The Importance of ‘Body Literacy’ During Adolescence

Photo by Michał Parzuchowski on Unsplash

I recently listened to a great podcast which discussed the concept of ‘body literacy’, and how important it is to educate our young women especially, about their hormones and cycles, before the customary ‘sex education’ discussion even begins.

Adolescence follows the onset of puberty, and it is a time when self-understanding and awareness is more important than ever.

This stage of life is when a young person is developing from a child into an adult, and we all know it can be, well, most of the time… challenging, and almost ALL of the time… awkward!

BUT… the more we learn about how and why our bodies are changing, the more we grow to appreciate how normal and wonderful these changes are right??

Why body literacy before sex education?

Typically, during sex education, students will now learn how to navigate the process of becoming sexually active adults, and hopefully they will learn how to engage in consensual and safe sex (hands up who else remembers having to put a condom on a banana in high school?!). All of this is, of course, incredibly important.

We have to bear in mind however that teaching teenagers about their adult body is not the same as teaching them about safe sex, and to really grasp sex education, it helps to have a solid foundation of body awareness.

How can we expect young people to get the most out of sex education if they don’t fully understand their bodies?

What does the data tell us?

  • “Girls’ attitudes and expectations about menstruation are negatively biased and have been found to contribute to self-objectification, body shame, and lack of agency in sexual decision-making” (1)
  • “Girls’ knowledge of the location and function of reproductive structures was faulty, and most did not understand how they were interrelated. Girls associated a variety of negative physical and psychological changes with menstruation, indicating that although they had not yet learned the biology of menstruation, they already had learned and internalized the cultural stereotypes and myths about menstrual symptomatology.” (2)
  • “Our data shows us how little women actually understand that menstruation is just part of a cycle and that when you don’t have your period, there are just as significant and dramatic changes happening in your hormonal profile” (3)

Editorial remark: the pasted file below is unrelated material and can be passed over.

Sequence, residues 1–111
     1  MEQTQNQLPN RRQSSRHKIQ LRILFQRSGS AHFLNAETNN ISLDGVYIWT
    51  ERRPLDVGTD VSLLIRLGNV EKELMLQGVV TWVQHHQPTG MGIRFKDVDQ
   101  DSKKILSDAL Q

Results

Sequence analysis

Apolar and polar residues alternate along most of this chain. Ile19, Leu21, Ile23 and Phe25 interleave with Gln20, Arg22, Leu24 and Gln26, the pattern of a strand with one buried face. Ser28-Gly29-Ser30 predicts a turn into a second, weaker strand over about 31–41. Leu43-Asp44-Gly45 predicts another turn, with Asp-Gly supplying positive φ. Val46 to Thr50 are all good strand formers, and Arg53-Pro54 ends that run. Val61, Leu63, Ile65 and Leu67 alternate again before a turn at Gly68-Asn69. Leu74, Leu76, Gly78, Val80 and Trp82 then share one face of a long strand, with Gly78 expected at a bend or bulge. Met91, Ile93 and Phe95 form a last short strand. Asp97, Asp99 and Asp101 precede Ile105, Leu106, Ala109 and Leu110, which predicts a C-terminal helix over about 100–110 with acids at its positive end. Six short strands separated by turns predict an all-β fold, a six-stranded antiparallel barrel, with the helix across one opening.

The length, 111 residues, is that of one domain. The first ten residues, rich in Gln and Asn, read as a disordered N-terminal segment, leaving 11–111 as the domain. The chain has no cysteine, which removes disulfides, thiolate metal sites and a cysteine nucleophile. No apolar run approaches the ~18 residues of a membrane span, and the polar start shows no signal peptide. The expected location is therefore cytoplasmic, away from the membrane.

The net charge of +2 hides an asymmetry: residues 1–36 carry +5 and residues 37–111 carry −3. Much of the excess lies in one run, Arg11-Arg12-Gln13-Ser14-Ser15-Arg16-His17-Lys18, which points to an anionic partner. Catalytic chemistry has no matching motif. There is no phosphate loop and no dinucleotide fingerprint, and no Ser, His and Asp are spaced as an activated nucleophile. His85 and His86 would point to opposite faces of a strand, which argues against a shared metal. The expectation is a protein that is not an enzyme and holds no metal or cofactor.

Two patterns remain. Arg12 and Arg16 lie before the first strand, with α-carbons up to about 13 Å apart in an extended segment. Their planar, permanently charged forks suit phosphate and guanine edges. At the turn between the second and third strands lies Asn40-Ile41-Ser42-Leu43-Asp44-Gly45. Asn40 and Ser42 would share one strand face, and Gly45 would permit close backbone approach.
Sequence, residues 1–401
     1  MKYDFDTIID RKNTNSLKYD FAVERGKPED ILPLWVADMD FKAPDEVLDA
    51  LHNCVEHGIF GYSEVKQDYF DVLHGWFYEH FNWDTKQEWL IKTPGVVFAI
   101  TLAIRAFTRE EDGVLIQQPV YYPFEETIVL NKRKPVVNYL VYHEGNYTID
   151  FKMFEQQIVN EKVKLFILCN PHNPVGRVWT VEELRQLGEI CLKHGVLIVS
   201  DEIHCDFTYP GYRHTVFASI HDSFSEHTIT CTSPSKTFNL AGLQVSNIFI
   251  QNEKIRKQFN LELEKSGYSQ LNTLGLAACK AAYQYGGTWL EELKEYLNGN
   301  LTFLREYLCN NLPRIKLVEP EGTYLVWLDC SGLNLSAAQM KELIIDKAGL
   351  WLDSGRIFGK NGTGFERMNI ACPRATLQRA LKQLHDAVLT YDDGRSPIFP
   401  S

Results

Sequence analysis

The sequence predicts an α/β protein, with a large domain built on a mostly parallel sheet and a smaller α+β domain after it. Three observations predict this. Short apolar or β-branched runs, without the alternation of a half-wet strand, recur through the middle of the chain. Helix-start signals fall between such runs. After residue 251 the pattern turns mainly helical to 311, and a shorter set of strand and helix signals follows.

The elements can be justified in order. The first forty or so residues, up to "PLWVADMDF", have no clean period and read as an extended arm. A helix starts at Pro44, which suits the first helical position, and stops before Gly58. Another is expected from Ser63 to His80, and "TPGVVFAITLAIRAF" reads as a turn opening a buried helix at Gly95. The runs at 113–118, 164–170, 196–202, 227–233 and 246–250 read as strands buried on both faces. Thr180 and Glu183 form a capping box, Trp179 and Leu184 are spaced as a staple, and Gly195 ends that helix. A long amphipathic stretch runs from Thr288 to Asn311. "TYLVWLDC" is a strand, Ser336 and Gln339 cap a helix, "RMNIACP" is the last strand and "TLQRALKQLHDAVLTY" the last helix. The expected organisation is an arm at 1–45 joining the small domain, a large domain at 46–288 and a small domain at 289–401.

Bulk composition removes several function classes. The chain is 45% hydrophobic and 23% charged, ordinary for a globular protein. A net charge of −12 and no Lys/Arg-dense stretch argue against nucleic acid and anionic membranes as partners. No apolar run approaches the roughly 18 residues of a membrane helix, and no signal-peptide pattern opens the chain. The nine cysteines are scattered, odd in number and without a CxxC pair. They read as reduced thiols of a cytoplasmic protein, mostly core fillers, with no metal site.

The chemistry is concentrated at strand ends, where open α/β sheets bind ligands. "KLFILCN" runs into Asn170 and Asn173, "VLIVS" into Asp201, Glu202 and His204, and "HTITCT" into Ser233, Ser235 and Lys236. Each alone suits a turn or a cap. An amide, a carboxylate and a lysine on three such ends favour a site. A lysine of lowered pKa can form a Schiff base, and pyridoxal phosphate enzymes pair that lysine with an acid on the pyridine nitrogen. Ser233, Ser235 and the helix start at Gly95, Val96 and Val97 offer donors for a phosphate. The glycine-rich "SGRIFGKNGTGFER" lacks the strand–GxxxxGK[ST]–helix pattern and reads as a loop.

• “Both expectations about, and initial experiences of, menstrual cycle-related changes were associated with longer-term menstrual experiences. The different outcomes for positive and negative changes have implications for menstrual socialization, and provide the basis for some optimism about facilitating a more complex and multidimensional understanding of menstruation.” (4)

As well as these issues, a lack of body literacy can put teenagers at risk of not being able to make fully informed decisions relating to birth control, and they may not be aware if things start to go awry with their cycle.

So how does it work and who teaches it?

Body awareness and education can be passed on by anyone who is informed themselves and is a trusted individual; such as parents, communities, teachers, other family members, schools and/or health professionals.

Conversations around menstrual charting, cervical mucous changes, the phases of the cycle, the importance of ovulation (and that ovulating regularly may take some time), what PMS symptoms can indicate, and education around sanitary items are good places to start.

It’s also important to remove any stigma and shame associated with menstruation. Menstruating is as natural as sweating. It’s the most basic, earthy cycle we have, and it’s one of many cycles both we and the environment experience (such as sleep/wake cycles, sun/moon cycles, tides and seasons).

Bottom Line

In my view, a deepening of body knowledge makes the ‘adolescent road’ a little less bumpy because there is a greater sense of empowerment, understanding and acceptance.

Seeing as I don’t have a time machine to go back 20 years and boost my OWN body literacy (which needed some serious boosting!), all I can do now is help other’s boost theirs, which gives me so much satisfaction! 😊

Until next time,

Stacey.